According to Russian military expert Vladimir Gundarov‭, ‬this has created a unique situation in the Mediterranean‭, ‬hosting three‭ ‬carrier groups‭: ‬one Italian carrier continuously operating in the region‭, ‬while French and American carriers‭, ‬both nuclear-powered‭, ‬lead the other two groups‭. ‬

Additionally‭, ‬Russian missile ships arrived‭, ‬conducting military manoeuvres with Algeria in the western Mediterranean by the end‭ ‬of 2023‭. ‬

Furthermore‭, ‬a joint operations centre was established‭, ‬featuring officers from the Russian and Algerian navies‭, ‬alongside a maritime headquarters for managing naval cooperation between the two sides‭.‬


The shortage or ageing of weapons in the fleets of Western Mediterranean countries and their allies‭,‬‮ ‬and the increase and renewal in the fleets of Eastern and Southern Mediterranean countries and their allies‭,‬‮ ‬do not necessarily imply a short or medium-term superiority of the latter over their Western counterparts‭.‬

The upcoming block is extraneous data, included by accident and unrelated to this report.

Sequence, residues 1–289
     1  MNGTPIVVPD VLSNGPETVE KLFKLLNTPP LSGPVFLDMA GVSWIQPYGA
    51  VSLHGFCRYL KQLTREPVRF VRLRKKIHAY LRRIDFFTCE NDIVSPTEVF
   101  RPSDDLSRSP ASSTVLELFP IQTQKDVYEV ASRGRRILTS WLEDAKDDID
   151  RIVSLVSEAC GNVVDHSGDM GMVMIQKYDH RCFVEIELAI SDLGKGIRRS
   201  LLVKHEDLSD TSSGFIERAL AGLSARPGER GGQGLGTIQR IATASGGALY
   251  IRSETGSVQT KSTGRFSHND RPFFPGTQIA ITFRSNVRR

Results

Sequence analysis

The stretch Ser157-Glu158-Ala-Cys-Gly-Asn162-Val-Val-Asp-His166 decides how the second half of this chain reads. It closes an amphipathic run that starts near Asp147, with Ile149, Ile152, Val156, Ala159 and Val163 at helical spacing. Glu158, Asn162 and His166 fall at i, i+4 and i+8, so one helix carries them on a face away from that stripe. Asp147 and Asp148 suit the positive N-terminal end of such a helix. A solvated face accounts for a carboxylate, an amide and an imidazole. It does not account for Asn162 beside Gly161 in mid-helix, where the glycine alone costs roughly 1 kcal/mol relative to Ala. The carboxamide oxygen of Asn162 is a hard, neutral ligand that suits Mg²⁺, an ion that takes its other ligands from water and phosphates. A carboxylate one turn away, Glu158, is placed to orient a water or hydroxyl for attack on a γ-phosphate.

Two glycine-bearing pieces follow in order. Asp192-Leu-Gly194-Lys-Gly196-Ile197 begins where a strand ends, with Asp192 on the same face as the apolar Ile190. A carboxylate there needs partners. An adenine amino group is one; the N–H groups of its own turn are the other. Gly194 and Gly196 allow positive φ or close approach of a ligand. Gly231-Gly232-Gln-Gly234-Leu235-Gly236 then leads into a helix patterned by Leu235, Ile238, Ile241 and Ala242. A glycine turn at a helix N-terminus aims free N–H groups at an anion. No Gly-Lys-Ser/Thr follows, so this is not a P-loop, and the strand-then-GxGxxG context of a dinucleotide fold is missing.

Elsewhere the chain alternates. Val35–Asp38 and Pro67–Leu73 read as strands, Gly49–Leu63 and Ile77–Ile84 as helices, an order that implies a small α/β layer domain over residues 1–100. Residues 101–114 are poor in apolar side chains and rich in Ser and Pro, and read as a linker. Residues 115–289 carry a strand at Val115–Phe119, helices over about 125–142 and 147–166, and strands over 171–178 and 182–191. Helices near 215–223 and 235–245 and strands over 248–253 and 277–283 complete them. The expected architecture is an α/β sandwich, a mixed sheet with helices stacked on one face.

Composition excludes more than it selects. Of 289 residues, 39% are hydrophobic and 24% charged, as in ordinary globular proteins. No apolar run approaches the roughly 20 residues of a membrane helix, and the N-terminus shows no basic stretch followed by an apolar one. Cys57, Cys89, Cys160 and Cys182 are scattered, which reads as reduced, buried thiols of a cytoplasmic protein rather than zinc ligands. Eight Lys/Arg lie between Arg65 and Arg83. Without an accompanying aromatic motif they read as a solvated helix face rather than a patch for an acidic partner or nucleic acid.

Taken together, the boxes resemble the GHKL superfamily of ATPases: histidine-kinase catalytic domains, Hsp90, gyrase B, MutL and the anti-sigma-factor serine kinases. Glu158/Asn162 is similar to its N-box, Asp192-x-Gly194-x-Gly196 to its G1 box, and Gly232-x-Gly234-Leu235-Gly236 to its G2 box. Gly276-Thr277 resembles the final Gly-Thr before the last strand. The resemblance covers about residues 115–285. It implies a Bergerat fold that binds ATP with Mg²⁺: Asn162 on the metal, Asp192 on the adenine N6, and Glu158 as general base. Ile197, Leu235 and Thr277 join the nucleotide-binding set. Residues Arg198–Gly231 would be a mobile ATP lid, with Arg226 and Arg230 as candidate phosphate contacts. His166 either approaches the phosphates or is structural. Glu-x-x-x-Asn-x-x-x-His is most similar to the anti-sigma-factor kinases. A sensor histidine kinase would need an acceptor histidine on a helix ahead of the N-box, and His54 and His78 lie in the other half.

For instance‭, ‬heavy frigates with a payload exceeding 6000‭ ‬tons‭, ‬dedicated to anti-aircraft and anti-submarine warfare‭, ‬are only‭ ‬present in the fleets of Western Mediterranean countries‭: ‬France‭, ‬Italy‭, ‬and Spain‭ (‬25‭ ‬out of 28‭ ‬today‭, ‬and 32‭ ‬out of 36‭ ‬five years from now‭). ‬Additionally‭, ‬heavy frigates exceeding 6000‭ ‬tons are only found in the US Navy‭ (‬4‭ ‬or 6‭ ‬based primarily in Spain‭)‬‭ ‬and one British frigate in Gibraltar‭. ‬None of the lighter frigates in other Mediterranean naval forces possess sensors and weaponry similar to those of heavy frigates‭.‬